Yes, the courts should take care of meritless law suits, but as with everything, it takes time, and money on the part of the defendant (and no, I am quite aware of the McDonalds coffee case, and that is not what I am taking about). I was in court once when a judge asked a pro-se plaintiff why he thinks he has the right to sue a particular defendant. Rather than coming up with a justification to his claim, his response was "I have a right to drag anyone that I want into court." And no, it is myth that corporations pay off meritless suits because they cost too much (perhaps you should google "serial litigants" and ""vexatious litigants"?). If someone sues a large corporation for $4999 in small claims court, do you think the corporation gets a break on attorney fees because it's only $4999? And just because a case has never makes it to trial doesn't mean it doesn't cost money. How much do you think it costs a company to pay their attorneys for a simple Motion to Dismiss? First their attorney needs read the complaint. Figuring it's only a page long on facts, you figure it could take an hour to read and anaylize and try to figure out what exactly that pro-se plaintiff is claiming. Well, the jurisdiction you're in requires you contact the opposing side before filing any motion to see if they consent. So you review everything one more time. Do a little factual research to get the background and details of the case, and call the plaintiff to discuss the case and how much it would cost to make them go away. Chalk up another hour. Then you have to write the motion to dismiss. We'll assume that you can pull the most basic parts of it off something someone else already wrote, so perhaps you only spend two hours writing the MtD. So you file. Add courier costs, because your local court doesn't have electronic filing. Plaintiff files his Opposition. You now have to reply. We'll say that takes an hour. Caulk up another courier fee. Next, since it's pro-se, the judge will probably have a hearing, to make sure the person gets his day in court, and he tweaks out any possible legitimate complaint the person may have. Probably not there, but courts do give pro-se plaintiffs wiggle room. For something of this nature, I will probably be a morning cattle call, so you could be waiting in the courtroom for as little as 5 minutes, to as long as 4 hours before the judge gets to your case (plus travel time). Let's add that up. 1 hour reviewing the complaint, another hour for research and telephone call. 3 total hours drafting, and we'll say 2 hours in court. So we're probably at a minimum of 7 hours spent, plus courier fees. So let's assume they put a 1st year associate on the case with no supervision whatsoever (yeah, that's likely to happen). They just spent at least $1400 plus courier fees of let's just guess $100 for a meritless claim. So at this point the judge has to choose if it is genuinely meritless, or perhaps if he could prove some of the wild accusations, he might have a case. If you're lucky, the judge will dismiss. But even then, what if the plaintiff files an appeal. There goes another $1500 or so. Now they've almost spent as much money as the guy sued for. But what if the judge was generous, and things they may have a possible case, if they prove their baseless accusations. Now you're really screwed because you have to pay to at least draft some interrogatories or requsts for admissions to see if you can build up to a Motion for Summary Judgment. Another Reply. Another hearing. More money. You finally win....but he appeals. More money. Sure, we're not talking about a million dollar case here. But these cases aren't rare, and the costs do add up.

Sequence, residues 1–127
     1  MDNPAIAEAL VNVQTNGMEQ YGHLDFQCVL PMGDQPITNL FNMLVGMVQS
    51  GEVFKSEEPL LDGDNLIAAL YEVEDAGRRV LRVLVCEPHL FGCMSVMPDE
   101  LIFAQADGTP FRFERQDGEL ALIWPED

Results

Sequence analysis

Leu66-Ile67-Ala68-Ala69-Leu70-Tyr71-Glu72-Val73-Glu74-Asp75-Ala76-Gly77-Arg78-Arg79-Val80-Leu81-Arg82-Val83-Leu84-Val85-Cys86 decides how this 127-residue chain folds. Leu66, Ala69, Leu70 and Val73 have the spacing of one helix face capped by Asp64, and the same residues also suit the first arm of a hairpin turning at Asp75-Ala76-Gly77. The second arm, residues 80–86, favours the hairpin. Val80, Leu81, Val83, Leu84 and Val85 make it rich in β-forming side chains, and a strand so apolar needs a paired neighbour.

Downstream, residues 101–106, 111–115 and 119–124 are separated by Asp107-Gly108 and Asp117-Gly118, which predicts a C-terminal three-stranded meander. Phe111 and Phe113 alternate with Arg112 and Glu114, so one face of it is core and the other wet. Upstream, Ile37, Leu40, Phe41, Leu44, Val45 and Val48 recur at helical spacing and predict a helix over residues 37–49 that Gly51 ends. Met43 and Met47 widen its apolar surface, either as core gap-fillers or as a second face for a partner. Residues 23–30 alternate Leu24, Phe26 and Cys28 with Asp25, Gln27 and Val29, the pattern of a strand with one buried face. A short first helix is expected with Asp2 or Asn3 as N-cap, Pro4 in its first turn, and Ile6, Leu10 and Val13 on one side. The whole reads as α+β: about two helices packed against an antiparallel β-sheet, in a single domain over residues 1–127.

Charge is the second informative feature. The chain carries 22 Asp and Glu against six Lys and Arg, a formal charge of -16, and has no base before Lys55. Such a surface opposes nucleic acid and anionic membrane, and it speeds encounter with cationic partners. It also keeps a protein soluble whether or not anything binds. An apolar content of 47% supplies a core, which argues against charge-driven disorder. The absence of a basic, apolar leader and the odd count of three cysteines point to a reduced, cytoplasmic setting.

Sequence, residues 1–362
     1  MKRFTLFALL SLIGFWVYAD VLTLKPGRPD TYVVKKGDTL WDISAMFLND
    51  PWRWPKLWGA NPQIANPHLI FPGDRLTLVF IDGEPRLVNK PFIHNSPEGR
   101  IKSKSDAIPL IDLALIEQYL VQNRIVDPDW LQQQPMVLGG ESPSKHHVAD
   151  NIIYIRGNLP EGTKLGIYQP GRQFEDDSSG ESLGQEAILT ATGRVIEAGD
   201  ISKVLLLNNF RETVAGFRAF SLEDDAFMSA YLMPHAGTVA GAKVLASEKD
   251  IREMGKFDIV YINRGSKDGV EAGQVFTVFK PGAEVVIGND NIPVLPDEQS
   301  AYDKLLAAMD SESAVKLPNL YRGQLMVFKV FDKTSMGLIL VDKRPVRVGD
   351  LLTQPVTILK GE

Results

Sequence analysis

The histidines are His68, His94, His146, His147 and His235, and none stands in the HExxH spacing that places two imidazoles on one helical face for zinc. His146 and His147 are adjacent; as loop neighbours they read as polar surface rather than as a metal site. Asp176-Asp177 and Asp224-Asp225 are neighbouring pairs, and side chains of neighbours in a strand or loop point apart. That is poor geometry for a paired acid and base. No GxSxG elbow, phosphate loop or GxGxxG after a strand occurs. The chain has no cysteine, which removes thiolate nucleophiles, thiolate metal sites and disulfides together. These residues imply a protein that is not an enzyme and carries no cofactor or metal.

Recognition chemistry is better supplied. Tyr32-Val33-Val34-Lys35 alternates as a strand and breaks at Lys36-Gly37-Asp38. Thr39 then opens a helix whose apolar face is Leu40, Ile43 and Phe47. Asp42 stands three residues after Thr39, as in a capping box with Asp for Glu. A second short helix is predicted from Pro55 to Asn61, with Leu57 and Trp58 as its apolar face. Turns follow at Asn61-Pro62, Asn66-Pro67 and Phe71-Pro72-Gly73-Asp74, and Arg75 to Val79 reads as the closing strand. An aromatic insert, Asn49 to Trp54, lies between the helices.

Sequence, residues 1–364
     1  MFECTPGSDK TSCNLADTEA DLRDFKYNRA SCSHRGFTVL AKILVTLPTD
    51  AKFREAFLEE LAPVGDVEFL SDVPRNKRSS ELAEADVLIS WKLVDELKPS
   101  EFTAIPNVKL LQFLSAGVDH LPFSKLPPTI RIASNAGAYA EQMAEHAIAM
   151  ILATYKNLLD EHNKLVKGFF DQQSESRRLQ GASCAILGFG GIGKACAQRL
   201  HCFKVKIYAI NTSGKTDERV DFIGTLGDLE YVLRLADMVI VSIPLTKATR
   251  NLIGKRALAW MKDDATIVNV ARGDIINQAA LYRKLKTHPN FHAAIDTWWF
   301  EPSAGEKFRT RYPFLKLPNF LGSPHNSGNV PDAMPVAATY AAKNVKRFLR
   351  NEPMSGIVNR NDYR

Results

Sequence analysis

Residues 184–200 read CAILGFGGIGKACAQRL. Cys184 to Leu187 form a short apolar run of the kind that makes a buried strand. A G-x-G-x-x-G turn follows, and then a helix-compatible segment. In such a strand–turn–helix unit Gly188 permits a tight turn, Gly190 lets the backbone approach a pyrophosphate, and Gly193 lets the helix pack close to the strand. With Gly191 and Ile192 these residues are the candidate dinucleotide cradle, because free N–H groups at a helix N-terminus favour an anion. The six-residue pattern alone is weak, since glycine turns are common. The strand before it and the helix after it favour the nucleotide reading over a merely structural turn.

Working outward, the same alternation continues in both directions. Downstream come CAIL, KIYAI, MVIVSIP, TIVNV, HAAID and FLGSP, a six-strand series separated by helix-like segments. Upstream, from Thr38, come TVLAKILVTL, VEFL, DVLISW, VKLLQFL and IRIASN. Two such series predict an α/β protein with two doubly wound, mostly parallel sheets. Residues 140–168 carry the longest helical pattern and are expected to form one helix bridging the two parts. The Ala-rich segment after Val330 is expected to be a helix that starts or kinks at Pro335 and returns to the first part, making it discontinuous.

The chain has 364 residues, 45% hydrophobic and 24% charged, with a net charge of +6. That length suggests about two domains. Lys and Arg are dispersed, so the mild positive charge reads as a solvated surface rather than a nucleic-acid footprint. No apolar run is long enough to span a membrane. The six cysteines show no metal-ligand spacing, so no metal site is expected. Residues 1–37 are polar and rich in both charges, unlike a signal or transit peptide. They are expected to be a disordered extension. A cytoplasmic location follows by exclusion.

The solution? Well, you certainly can't ban pro-se litigants. Perhaps we should follow the British system, and the loser pays the winners attorney fees if the case is determined to have no merit or the person is a serial litigant.